Six key video clips on gentrification, East Liberty and Amazon from our interview with filmmaker Chris Ivey

What’s holding Pittsburgh back? How are city officials addressing gentrification through redevelopment? And what would happen if Amazon were to actually choose Pittsburgh for its second headquarters?

In a Facebook Live interview on Wednesday, filmmaker Chris Ivey gave his candid thoughts on these questions and why he’s worried that things aren’t getting better for residents, even as local leaders woo Amazon and paint Pittsburgh as a city of innovation.

Ivey has chronicled redevelopment and gentrification in Pittsburgh since 2005 with his East of Liberty documentary series, and he said his work is far from done. The full conversation is worth your time, but below are six key excerpts from our conversation.

We’ve provided timestamps so you can conveniently listen to those sections of the interview.

Timestamp 6:18 – 8:09: Ivey’s films are anchored in East Liberty, a neighborhood that has changed rapidly in the last decade due to a surge of redevelopment and new construction. Here, he talks about what he misses about a place he described as ”a thriving black community...you had a true sense of community from the street vendors to the small business owners.”

You can learn more about the changes as he has documented them at Ivey’s website.

Timestamp 8:47-9:35: But the East Liberty community as it was in 2005 is largely gone, replaced by new development and wealthier residents. Ivey described a hesitation by both Pittsburgh officials and some residents to confront problems created by some redevelopment. He also talked about how newcomers to the city expect to see a vibrant black community like the East Liberty he remembers, but that it’s no longer the case.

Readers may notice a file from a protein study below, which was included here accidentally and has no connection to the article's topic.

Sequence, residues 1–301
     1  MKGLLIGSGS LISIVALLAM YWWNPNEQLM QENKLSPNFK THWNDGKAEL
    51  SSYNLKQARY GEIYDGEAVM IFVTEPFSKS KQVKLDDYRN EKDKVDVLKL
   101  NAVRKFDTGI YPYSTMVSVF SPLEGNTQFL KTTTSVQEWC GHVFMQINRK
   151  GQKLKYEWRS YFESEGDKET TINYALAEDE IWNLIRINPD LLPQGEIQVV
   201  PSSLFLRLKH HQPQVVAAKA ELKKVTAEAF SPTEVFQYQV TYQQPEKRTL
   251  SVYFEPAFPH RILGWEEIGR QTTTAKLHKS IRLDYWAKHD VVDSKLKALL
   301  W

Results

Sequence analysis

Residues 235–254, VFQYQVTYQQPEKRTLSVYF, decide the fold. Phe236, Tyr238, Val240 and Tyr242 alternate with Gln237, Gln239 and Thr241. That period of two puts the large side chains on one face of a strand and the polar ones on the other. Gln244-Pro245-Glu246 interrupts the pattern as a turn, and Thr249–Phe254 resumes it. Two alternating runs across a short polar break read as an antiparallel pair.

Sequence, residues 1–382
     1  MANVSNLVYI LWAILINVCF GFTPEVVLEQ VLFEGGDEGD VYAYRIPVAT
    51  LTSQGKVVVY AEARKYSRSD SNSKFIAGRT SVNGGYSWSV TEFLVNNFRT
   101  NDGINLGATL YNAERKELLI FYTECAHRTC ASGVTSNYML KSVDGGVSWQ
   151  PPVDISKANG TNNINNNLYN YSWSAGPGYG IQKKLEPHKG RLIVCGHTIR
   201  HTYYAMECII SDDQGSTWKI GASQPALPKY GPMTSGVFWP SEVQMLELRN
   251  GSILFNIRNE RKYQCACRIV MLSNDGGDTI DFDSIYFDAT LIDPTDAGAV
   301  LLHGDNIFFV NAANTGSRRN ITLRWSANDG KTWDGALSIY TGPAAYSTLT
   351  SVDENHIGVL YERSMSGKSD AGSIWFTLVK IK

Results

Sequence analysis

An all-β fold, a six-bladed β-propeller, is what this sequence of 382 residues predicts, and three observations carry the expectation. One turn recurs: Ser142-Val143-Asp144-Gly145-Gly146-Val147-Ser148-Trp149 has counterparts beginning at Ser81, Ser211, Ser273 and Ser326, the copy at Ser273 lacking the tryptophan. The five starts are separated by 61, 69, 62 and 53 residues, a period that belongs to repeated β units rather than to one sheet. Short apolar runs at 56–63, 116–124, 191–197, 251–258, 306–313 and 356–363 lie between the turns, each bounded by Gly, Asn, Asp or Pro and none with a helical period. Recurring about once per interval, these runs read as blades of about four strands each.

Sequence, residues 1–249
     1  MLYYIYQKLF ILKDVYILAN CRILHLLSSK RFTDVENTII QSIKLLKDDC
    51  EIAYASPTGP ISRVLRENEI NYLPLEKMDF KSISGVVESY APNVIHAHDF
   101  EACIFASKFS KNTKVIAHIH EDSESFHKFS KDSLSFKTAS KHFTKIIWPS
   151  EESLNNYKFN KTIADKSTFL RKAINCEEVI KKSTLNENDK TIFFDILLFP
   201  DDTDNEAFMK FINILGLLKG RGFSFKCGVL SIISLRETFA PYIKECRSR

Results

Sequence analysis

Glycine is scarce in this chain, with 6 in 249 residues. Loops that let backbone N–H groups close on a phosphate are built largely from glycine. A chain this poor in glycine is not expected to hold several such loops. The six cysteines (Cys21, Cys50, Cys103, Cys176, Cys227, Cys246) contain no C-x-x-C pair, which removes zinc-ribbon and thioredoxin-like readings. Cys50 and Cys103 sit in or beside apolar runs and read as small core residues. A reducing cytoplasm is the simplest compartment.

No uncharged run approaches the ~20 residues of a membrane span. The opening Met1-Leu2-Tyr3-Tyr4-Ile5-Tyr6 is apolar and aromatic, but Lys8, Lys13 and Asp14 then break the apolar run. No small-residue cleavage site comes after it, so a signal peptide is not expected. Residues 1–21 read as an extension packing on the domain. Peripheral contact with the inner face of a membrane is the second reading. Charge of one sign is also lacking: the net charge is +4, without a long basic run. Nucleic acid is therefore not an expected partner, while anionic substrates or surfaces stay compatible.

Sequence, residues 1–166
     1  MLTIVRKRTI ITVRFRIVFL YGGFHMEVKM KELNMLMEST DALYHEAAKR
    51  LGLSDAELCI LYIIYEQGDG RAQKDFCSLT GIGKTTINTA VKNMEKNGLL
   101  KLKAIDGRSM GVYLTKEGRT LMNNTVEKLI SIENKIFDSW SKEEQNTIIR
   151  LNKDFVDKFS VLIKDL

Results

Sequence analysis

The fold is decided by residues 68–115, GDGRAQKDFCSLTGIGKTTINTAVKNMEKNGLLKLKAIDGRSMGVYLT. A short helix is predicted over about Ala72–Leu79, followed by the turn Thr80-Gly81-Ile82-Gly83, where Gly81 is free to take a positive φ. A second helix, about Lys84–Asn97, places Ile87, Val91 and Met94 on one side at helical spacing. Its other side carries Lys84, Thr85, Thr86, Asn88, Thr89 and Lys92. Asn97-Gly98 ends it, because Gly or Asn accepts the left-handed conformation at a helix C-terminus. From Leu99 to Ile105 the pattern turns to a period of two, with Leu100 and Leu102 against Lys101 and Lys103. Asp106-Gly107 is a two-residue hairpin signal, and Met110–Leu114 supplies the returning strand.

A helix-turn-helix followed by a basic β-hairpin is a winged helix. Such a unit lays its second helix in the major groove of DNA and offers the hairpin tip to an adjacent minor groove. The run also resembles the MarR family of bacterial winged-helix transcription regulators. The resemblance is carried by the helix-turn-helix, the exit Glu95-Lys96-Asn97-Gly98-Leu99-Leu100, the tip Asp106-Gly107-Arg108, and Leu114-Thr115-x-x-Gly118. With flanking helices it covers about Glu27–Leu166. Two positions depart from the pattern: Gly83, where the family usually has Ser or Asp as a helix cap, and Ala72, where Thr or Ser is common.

Timestamp 21:55-23:22: In his East of Liberty series, Ivey zooms in on a single Pittsburgh neighborhood. In an upcoming film, he said he’s taking a widescreen approach looking at the common problems of teens in five cities, including Pittsburgh, New Orleans, Baltimore, and Johannesburg and Cape Town in South Africa. Even across continents, he finds the problems facing youth are strikingly similar.

Timestamp 27:59 – 29:10: When discussing redevelopment, the billion-dollar elephant in the room is Amazon. The corporate giant recent named Pittsburgh to its shortlist for the site of a second headquarters. Ivey wouldn’t be a fan, but he’s skeptical Pittsburgh has a shot. “In regards to all this hoopla about Amazon, they’re not coming to Pittsburgh...we’ve got some serious issues here.”

Timestamp 44:43-46:03: Ivey is critical of the commitment by city leaders, including Mayor Bill Peduto, to shield residents from the consequences of redevelopment. Ivey acknowledges that leaders made efforts to help but sees them as moving too slow and doing too little to remedy problems that still aren’t solved.

Timestamp 46:25-47:29: Ivey says something nice about Pittsburgh. Though he’s critical of the racism and lack of equity he sees in redevelopment, he remains enamored with the people of Pittsburgh and the friendliness of strangers he meets. To encapsulate the city, he references the football drama “Friday Night Lights,” describing Pittsburgh as “a small town with a kickass football team.”

Jeffrey Benzing is PublicSource's public safety reporter. He can be reached at jeff@publicsource.org or on Twitter @jabenzing.

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